‘Sequel’ explores growing problem of climate change
October 22, 2017 | 73° | Check Traffic

TGIF

‘Sequel’ explores growing problem of climate change

  • COURTESY PARAMOUNT PICTURES

    Former Vice President Al Gore visits Tacloban city in the Philippines, an area that was hit hard in 2013 by Typhoon Haiyan — an arresting physical image and reminder of the effects tied to climate change, in “An Inconvenient Sequel: Truth to Power.”

“AN INCONVENIENT SEQUEL: TRUTH TO POWER”

*** 1/2

(PG, 1:38)

With articles about climate change going viral on social media, reports of extreme weather events and melting glaciers circling in the news, and the president’s decision to leave the Paris climate accord, this couldn’t be a better or scarier time for “An Inconvenient Sequel: Truth to Power” to hit theaters. A follow-up to “An Inconvenient Truth,” the Oscar-winning 2006 documentary by former Vice President Al Gore and Davis Guggenheim, this film seems like it could be too terrifying or depressing for audiences concerned about climate change. But “An Inconvenient Sequel” is surprising, vital, fascinating, edifying and absolutely crucial viewing for all of us who plan to continue inhabiting this planet for a while.

Directors Bonnie Cohen and Jon Shenk take over for Guggenheim, and Gore is again the star, but this film is far more than a slideshow. There is footage of Gore giving talks around the world, but we follow him off the stage, too, as he experiences the real effects of climate change, wading through Miami high tides swamping the city streets, or visiting with victims of Typhoon Haiyan, which devastated Tacloban city in the Philippines.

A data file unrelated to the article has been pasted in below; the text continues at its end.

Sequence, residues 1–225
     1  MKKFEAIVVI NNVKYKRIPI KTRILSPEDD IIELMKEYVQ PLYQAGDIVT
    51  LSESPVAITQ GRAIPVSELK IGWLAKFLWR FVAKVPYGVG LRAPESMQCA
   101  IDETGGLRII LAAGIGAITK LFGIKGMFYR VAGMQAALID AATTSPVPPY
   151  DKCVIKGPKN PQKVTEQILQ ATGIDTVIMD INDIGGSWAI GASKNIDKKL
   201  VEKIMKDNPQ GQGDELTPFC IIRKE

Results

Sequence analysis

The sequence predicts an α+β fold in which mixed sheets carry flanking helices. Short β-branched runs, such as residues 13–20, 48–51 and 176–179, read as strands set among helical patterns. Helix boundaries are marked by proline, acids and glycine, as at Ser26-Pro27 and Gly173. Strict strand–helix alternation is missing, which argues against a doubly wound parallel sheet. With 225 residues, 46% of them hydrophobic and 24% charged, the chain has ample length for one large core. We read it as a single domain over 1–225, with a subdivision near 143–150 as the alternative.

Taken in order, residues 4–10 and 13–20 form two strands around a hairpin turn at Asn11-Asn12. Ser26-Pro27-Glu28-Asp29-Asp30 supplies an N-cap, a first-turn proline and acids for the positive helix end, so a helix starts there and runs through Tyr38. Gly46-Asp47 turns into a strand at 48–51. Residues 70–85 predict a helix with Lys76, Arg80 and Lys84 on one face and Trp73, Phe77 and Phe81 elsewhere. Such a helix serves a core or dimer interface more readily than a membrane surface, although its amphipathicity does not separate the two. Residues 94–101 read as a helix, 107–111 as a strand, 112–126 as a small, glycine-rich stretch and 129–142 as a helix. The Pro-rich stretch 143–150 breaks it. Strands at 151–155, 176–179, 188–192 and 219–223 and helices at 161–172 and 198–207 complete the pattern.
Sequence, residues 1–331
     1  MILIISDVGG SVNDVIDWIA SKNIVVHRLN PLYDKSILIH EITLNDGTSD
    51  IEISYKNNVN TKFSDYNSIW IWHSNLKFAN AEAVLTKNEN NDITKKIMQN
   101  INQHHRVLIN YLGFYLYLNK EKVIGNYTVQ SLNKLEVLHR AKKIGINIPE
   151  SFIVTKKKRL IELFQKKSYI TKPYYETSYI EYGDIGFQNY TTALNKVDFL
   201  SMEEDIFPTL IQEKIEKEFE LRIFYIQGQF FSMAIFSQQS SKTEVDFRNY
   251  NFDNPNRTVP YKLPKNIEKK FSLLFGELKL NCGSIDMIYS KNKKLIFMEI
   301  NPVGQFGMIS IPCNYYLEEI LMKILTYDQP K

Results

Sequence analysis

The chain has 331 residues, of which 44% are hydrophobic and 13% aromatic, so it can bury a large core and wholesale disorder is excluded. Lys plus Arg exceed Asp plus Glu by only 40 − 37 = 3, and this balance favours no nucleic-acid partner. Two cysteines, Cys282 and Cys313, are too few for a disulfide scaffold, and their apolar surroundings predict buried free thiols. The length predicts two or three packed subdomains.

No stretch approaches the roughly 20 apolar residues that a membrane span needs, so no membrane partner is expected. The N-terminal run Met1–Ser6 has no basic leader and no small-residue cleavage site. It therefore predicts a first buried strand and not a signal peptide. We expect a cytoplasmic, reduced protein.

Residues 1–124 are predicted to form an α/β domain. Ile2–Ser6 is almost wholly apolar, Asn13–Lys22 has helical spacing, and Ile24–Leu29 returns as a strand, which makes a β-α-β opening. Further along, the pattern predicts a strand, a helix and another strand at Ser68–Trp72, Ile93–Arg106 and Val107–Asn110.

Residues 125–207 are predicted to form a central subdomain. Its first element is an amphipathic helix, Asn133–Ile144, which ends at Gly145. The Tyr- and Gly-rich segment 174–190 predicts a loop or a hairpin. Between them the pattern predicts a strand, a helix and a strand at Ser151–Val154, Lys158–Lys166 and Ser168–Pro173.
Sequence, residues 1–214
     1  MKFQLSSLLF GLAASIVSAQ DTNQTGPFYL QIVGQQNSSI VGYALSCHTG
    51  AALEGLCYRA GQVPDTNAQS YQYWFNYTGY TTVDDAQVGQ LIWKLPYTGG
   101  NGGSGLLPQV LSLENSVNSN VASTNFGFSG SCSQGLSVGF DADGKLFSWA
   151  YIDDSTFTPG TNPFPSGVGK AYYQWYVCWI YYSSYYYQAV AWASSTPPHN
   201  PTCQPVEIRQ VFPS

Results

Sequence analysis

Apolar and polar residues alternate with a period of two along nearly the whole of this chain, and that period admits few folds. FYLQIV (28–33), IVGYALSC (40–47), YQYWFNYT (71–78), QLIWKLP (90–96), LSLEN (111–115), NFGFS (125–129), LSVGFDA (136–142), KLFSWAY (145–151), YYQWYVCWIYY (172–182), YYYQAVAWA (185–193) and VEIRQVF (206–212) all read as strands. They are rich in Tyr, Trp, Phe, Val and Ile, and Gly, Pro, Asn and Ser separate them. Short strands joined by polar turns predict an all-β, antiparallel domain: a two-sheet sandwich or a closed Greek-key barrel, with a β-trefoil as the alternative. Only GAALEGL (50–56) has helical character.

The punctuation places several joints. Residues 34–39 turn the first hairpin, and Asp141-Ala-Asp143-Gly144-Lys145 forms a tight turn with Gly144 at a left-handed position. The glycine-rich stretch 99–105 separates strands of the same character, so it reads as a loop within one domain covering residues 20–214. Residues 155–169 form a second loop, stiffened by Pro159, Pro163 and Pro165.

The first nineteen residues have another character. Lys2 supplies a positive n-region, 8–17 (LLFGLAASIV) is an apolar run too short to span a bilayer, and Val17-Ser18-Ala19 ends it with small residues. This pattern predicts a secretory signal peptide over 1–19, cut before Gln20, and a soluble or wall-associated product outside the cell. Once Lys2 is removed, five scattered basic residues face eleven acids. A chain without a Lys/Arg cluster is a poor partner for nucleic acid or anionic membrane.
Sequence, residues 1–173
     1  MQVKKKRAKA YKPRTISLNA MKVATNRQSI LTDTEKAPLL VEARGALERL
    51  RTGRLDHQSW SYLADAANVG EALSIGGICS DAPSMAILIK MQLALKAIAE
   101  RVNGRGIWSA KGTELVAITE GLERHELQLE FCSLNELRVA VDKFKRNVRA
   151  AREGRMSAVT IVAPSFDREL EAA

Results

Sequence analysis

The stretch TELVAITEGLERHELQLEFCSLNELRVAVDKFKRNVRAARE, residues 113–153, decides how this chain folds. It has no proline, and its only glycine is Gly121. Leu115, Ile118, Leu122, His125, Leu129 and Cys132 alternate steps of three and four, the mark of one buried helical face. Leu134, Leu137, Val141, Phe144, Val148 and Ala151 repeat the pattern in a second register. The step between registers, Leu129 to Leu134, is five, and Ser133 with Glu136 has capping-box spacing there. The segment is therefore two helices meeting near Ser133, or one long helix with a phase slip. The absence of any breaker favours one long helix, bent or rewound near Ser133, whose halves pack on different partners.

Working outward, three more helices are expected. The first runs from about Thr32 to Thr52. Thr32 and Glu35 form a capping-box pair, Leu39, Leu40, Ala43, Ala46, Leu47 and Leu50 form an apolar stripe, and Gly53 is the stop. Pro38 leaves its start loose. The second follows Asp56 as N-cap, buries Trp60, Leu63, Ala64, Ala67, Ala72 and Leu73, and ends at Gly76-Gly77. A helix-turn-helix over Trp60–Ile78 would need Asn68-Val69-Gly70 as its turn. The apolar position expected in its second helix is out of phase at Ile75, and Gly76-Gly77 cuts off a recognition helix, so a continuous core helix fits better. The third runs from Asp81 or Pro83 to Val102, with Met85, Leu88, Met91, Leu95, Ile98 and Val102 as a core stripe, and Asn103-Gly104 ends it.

But the most compelling material follows Gore at the Paris climate talks in November 2015, when Gore and his team have to be evacuated in the wake of the Bata­clan terrorist attack. It’s an incredible moment that lets Gore expound on the many ways climate change will affect our existence. As climate events grow more extreme, he says, civilization will break down along the seams of class, wealth and other social dividers. His description of the way the drought in Syria played a part in the civil war that paved the way for Islamic State to gain traction is illuminating and chilling.

Climate change isn’t just a scientific or environmental issue, and “An Inconvenient Sequel” demonstrates the ways in which it has become a political, industrial, economic, health and simply existential quandary. Climate change will affect our lives in a multitude of ways, not just through weather.

Part of the story thrust of “An Inconvenient Sequel” is Gore’s tireless negotiation in Paris to bring India into the agreement, and to prevent the building of hundreds of coal-burning factories to create jobs. His careful diplomacy is thrown into stark relief against Donald Trump’s seemingly cavalier decision to leave the Paris accord.

Somehow “An Inconvenient Sequel” is empowering, not depressing. Gore is quick to remind us that parts of the world are picking up the renewable-energy slack — notably, Chile. There are signs of dire warning and signs of hope.

“An Inconvenient Sequel” once again poses a question: The window of opportunity is closing, so what are we going to do — now?

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